To the Editor:
Medical education is under pressure to produce more graduates to meet health care and workforce needs, but current models of training may be too expensive and too long to achieve these aims. A viable alternative may be to redesign medical education processes to produce well-trained graduates faster and at lower cost by borrowing business concepts from other industries where quality and price controls have produced innovation.1
With this concept in mind, we, as members of a clinical reform group at a recent Harvard–Macy program, propose a model that extends current thinking: an intensive, longitudinal, and integrated 18-month clinical clerkship, spanning junior and senior clinical clerkships, with a unidirectional sequence of blocks that reflect mastery of progressively more complex clinical roles rather than of specific specialties. For example, students would commence by consolidating clinical skills with real patients and finish in practice immersions, combining knowledge, skills, and attitudes to manage patients at close to graduate level. Rather than hoping that random service routines bring relevant patients to medical students, the clinical education office would allocate students to patients who match curriculum objectives, drawing from all specialties in primary, secondary, and tertiary care. Each patient would be the focus of intensive learning and feedback, involving faculty released from routine clinical service to concentrate on teaching. Frequent and intensive longitudinal assessment of students would ensure that competencies were achieved by the completion of each block.2 As the clerkship progressed, there would be increased individual monitoring, problem solving, and flexibility for teachers and learners, and time allocated to remediate deficiencies. New medical graduates could be released every two months, decreasing the service impact problems of commencing each year with all new graduates at the same time.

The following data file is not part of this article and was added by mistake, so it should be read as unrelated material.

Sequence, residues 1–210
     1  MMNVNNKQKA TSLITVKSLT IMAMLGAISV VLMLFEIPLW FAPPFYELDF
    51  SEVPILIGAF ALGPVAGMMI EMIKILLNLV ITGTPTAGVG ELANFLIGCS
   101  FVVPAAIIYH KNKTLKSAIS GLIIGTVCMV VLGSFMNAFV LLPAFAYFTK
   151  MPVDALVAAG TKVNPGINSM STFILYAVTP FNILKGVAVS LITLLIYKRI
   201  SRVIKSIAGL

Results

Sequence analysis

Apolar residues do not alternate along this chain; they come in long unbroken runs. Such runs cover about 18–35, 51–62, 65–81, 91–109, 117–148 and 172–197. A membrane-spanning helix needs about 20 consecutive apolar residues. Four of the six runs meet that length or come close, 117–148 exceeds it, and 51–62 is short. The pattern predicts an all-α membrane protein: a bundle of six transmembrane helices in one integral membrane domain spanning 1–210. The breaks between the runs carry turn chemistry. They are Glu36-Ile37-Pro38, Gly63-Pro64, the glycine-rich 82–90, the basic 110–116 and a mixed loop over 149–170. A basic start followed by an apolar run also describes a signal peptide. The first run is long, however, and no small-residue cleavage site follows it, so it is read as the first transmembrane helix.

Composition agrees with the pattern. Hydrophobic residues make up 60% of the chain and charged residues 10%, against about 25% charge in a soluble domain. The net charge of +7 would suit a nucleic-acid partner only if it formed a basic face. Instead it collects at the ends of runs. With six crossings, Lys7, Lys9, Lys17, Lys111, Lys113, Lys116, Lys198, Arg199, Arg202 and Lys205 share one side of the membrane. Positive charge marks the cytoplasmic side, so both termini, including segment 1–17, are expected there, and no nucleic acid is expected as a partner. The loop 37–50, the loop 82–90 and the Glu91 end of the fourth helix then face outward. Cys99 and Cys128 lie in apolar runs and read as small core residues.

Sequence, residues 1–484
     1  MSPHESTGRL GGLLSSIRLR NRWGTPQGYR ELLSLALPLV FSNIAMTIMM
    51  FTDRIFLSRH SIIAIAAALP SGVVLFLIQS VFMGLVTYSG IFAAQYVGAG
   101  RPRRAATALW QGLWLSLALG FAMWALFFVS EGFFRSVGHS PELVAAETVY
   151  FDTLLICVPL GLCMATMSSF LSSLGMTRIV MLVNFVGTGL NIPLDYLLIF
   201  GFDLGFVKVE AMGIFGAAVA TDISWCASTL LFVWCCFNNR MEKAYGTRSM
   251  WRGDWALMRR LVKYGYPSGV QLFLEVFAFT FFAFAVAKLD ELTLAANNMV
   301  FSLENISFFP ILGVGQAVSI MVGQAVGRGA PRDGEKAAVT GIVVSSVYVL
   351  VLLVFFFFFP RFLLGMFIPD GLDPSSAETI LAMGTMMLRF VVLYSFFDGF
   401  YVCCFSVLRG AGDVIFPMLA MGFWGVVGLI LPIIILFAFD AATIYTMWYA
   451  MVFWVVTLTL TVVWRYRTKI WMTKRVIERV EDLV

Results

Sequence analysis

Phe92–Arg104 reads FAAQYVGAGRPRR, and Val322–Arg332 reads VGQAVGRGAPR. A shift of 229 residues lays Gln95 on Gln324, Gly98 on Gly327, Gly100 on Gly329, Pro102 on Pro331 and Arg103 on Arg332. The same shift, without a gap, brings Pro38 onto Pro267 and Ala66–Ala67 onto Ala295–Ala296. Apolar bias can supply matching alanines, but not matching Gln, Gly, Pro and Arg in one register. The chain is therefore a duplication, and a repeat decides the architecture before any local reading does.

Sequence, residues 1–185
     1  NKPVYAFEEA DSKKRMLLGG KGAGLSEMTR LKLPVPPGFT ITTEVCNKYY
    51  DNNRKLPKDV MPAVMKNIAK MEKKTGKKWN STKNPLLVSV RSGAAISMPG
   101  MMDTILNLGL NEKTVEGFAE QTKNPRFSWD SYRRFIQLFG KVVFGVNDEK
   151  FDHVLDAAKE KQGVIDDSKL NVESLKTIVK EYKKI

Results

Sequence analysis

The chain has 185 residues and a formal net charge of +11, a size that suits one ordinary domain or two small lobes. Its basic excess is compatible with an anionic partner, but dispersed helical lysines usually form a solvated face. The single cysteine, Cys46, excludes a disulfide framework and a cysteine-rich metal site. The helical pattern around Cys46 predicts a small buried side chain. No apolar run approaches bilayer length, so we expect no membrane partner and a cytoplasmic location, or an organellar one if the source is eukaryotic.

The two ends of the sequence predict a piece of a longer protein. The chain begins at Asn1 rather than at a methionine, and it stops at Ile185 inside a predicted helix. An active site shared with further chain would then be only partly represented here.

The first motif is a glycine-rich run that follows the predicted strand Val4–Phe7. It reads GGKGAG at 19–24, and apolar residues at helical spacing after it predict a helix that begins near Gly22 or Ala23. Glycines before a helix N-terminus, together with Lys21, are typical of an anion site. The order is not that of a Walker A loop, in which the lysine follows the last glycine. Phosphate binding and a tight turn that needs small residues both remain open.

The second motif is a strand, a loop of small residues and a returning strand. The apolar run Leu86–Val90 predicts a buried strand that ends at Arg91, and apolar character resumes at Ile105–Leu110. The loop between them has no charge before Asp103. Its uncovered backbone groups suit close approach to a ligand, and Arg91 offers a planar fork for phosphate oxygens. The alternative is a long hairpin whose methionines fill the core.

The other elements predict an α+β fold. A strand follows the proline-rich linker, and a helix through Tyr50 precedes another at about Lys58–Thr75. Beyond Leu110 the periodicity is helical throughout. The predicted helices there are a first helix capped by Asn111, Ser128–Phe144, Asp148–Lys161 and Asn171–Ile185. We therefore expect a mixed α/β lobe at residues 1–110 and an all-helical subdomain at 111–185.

While longitudinal integrated models already exist,3,4 this one goes further by realigning learning opportunities and resources to support the intensive education process—a difficult task, as education and clinical service budgets and practices are entwined. The model also challenges many aspects of accepted medical education practice, but it may provoke debate that facilitates further innovation and piloting.
Richard Hays, PhD, MD
Head of school, Keele University School of Medicine, Keele, Newcastle-under-Lyme, United Kingdom; (email@example.com).
Alexander Harding, MBBS, MEd
Sub-dean, Peninsula Medical School, Exeter, United Kingdom.
Sebastian Alston, MD
Associate dean, Florida State University College of Medicine, Tallahassee, Florida.
The other members of the clinical reform group: Vesna Degoricija, PhD, MD; Mark Flomenbaum, PhD, MD; Mary Beth Gordon, MD; Myra Hurt, PhD; and Roger Strasser, MBBS, MCISc.
1 Armstrong EG, Mackey M, Spear SJ. Medical education as a process management problem. Acad Med. 2004;79:721–728.
2 Prescott-Clements L, van der Vleuten CP, Schuwirth LW, Hirst Y, Rennie JS. Evidence for validity within workplace assessment: The Longitudinal Evaluation of Performance (LEP). Med Educ. 2008;42:488–495.
3 Bell SK, Krupat E, Fazio SB, Roberts DH, Schwartzstein RM. Longitudinal pedagogy: A successful response to the fragmentation of the third-year medical student clerkship experience. Acad Med. 2008;83:467–475.
4 Ogur B, Hirsh D, Krupat E, Bor D. The Harvard Medical School–Cambridge Integrated Clerkship: An innovative model of clinical education. Acad Med. 2007;82:397–404.